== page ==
This Place Matters: Saving Norman Studios

September 6, 2010 19 comments Open printer friendly version of this article Print Article

A National Trust for Historic Preservation contest could provide Jacksonville with $25,000 to help convert Arlington's historic Norman Studios complex into a silent film museum.



About This Place Matters Community Challenge
 

Quote
The National Trust for Historic Preservation  has created a This Place Matters Community Challenge to help non-profit organizations across the country start a conversation about places that matter in the communities that they work in.  The organization that receives the most votes on their site wins $25,000. Voting period runs through September 15th, 2010.


About Norman Studios



Quote
It was the early 1900s and Northeast Florida was experiencing its "Glided Age" as a winter playground for the nation's wealthiest and most famous including the biggest stars of the silver screen.  The frigid temperatures of New York and Chicago, where the nation's film business originated, damaged film stock and dismayed starlets.  As luck would have it, the New York-to-Florida railroad track provided a straight shot from the Big Apple to the Sunshine State.  And so was born Northeast Florida's status as the "Winter Film Capital of the World."

By 1916, Jacksonville telephone directories listed more than 30 motion picture companies.  Among them was the Eagle Studios, a five-building complex built in 1916 in the heart of Jacksonville's Arlington district.  By 1920, the property changed hands and became Norman Laboratories, specializing in motion pictures and "talking picture equipment."  The complex became the home and creative center of Richard Norman, who between 1920 and 1928 made six feature films and scores of shorts.  He also made history as one of a handful of filmmakers brave enough to break the racial barrier in the motion picture industry just a few years following the release of D.W. Griffith's still controversial "Birth of a Nation."

"My father was disheartened about the state of race relations at the time, both in real life and in the movies," says Capt. Richard Norman, Jr., the filmmaker's son. "He set out to help give the black community a stronger place on film, behind the cameras and in the theatres."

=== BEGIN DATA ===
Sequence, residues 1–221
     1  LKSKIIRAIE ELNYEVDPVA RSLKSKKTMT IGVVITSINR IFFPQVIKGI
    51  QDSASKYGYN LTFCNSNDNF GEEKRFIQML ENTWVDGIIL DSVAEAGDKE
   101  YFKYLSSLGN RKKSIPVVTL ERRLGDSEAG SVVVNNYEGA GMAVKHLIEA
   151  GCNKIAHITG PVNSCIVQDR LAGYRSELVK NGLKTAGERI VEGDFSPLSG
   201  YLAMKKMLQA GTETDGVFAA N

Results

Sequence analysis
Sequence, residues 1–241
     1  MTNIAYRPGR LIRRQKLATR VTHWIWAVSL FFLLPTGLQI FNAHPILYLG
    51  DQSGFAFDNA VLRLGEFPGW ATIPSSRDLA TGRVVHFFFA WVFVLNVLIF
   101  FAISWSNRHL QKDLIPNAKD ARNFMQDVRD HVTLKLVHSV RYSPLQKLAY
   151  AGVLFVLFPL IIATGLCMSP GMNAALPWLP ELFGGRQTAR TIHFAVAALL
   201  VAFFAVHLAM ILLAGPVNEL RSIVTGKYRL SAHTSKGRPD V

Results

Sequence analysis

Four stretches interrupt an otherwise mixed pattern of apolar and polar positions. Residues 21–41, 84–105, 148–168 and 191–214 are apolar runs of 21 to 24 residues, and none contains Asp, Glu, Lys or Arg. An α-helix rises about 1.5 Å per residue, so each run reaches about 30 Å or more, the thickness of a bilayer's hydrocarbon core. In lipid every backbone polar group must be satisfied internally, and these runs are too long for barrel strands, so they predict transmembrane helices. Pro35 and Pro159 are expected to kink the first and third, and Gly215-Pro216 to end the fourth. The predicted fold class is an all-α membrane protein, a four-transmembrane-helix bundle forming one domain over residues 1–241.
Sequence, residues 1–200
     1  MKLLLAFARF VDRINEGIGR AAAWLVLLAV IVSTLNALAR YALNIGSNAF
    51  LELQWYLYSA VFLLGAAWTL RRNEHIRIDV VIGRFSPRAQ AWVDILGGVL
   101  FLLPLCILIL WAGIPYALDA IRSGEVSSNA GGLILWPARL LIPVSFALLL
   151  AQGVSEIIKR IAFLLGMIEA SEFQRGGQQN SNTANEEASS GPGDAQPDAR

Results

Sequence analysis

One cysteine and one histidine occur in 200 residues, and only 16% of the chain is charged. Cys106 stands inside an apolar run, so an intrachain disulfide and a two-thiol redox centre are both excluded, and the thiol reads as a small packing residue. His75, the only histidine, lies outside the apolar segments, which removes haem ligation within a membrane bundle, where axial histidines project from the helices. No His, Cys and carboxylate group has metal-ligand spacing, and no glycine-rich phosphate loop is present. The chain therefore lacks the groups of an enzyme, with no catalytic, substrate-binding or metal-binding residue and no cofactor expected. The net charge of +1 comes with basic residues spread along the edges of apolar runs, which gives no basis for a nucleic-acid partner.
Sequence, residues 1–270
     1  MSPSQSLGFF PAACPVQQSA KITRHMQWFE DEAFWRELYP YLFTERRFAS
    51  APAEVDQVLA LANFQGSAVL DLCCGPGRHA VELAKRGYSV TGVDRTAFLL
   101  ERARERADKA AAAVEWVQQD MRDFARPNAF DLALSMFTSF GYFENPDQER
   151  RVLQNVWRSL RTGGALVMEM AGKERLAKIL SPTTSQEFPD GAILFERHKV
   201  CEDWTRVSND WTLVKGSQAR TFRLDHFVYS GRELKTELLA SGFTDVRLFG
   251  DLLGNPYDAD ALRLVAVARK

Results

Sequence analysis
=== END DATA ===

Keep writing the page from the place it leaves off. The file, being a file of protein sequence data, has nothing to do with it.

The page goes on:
Norman was among the first, along with filmmaker Oscar Micheaux and the Lincoln Motion Picture Co., to make "race films." These movies defied the mainstream by starring black actors in positive roles and giving black crewmembers well-paying jobs.  Thus began a movement to establish an independent black cinema at a time when blacks were stereotyped and demeaned in mainstream movies.  In Norman films black characters were heros and heroines, leaders and lovers.

In 2002, after a passionate campaign, the city of Jacksonville purchased four of the five Norman buildings, including the main production building where Norman developed and screened his films, the generator shed, the wardrobe cottage, and the prop storage garage.  Our 501(c)3 organization was formed to protect and preserve the Norman property and its history.  Long term plans for the complex include a silent film museum, a venue for independent filmmakers to screen their projects, industry-related workshops, and a summer camp designed to teach children about film career choices.  Join us in preserving this unique snapshot of motion picture history.
http://my.preservationnation.org/site/News2?page=NewsArticle&id=9463&security=2862&s_interest=3169



Norman Studios - Before & After

To vote and for more information

http://my.preservationnation.org/site/News2?page=NewsArticle&id=9463&security=2862&s_interest=3169